This project's funding goal was not reached on May 25, 2012.
About this project
The Firefly Cap is a fun kit you can use to build an electronic jar of fireflies powered by light. Place the jar indoors in a location with moderate to bright lighting and let it charge throughout the day. After dark, the simulated fireflies twinkle for a little while.
Unlike many solar powered kits, the Firefly Cap is optimized for indoor light and does not require bright light or direct sunlight. It collects more power and runs longer if you place it in a brighter location, but it puts on a show for at least a few minutes even if placed in a location with only moderate indoor light throughout the day.
The Firefly Cap stores energy in a supercapacitor, so there are no batteries to replace. The circuit board fits on top of a standard Mason jar, replacing the jar lid. You provide the jar and solder the LEDs; everything else is assembled for you.
Instead of building a jar of fireflies, you can use the Firefly Cap as a power source for your own low-power electronics project. Just connect your 2.7 V device to the Firefly Cap's output and draw current sparingly. You can even connect a serial interface to the Firefly Cap's MSP430 microcontroller and use it as a power supervisor, monitoring the supercapacitor voltage and ambient light level. Alternatively you can write your own firmware for the Firefly Cap's microcontroller.
The Firefly Cap is open source hardware. All hardware design files and firmware source code are released under the GPL v2 license. It's a great way to get started with electronics!
Project home: http://greatscottgadgets.com/fireflycap/
A jar of fireflies is a popular microcontroller project. There are too many prior works to list, but I personally took inspiration from Kyle Anderson (https://xkyle.com/my-jar-of-fireflies/) and Xander Hudson (http://www.instructables.com/id/Jar-of-Fireflies/).
Thanks to my nephews, Archer and Caleb, for running down the battery of my first jar of fireflies so many times that I started thinking about how to make one without batteries.
Dan Gottesman (http://dangottesman.com/) edited my Kickstarter video, this time with more than a day's notice. He is an excellent photographer and producer of all things audio/visual.
Laen made several rounds of prototype printed circuit boards for me: http://dorkbotpdx.org/wiki/pcb_order
The diameter is 68 mm (2.68 inches). It is designed to fit jars with a 60 mm (2 3/8 inch) mouth diameter.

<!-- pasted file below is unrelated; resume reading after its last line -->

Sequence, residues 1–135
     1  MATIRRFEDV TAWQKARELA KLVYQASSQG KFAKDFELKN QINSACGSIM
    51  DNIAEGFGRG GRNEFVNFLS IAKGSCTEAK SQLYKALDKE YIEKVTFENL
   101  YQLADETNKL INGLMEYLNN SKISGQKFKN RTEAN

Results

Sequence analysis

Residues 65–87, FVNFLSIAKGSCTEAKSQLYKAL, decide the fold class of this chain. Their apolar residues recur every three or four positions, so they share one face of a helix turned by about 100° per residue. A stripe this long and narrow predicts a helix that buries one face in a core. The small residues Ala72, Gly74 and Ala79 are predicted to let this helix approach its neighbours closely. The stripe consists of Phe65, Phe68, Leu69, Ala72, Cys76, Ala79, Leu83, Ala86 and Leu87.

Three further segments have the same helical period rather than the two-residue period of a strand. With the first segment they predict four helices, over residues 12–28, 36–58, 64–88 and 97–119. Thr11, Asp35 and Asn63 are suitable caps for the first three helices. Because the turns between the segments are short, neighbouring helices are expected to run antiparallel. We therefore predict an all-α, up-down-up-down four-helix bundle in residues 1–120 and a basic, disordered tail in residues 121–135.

Shipping to anywhere on Earth is included with each reward! In my experience, the only way to ship from the US to other countries with reliable delivery times is to use an express service for $80 or more. Otherwise, you are just as likely to experience multi-week delays with a $20+ service as you are with USPS First Class International for under $10. To keep things simple, I've set the pledge levels for the rewards so that I can afford to do the latter.
I handled international shipping in the same way for Ubertooth One (and delivered about 30% of the rewards to other countries). It worked out pretty well with most international backers receiving their rewards in two to four weeks.
There is a reason I haven't made specific claims about the running time; it is because the design is not 100% final yet. I don't want to say that it will run for 20 minutes under certain conditions and then deliver something that ony runs for 10. However, I can tell you my estimates based on the prototypes I have tested so far: In moderate indoor lighting conditions, I've seen running times of around 10 minutes, and, in bright indoor lighting conditions, I have seen them last for 30 to 60 minutes. At maximum charge it can run for an hour or more.
The running time is highly dependent on the amount of light that reaches the photovoltaic panel throughout the charging period. Relative light levels are hard for humans to discern because our pupils so often change size without us noticing. You might move a Firefly Cap from one place in a room to another place in the same room that doesn't seem much brighter and find that it doubles the running time!
Fireflies in nature illuminate actively for only a short time each evening. I read somewhere that one species is active for precisely 27 minutes. You should be able to find locations with natural or artificial lighting where you can place a Firefly Cap that will result in running times of tens of minutes, a fairly accurate simulation of the insects.
Yes. Although the Firefly Cap is optimized for indoor lighting conditions, it will charge even faster in full sunlight and will reach maximum charge in much less than a full day.
Note that the Firefly Cap is not suitable for use in wet conditions. If you want to use it outdoors, you'll have to devise your own weather-proofing.
- (21 days)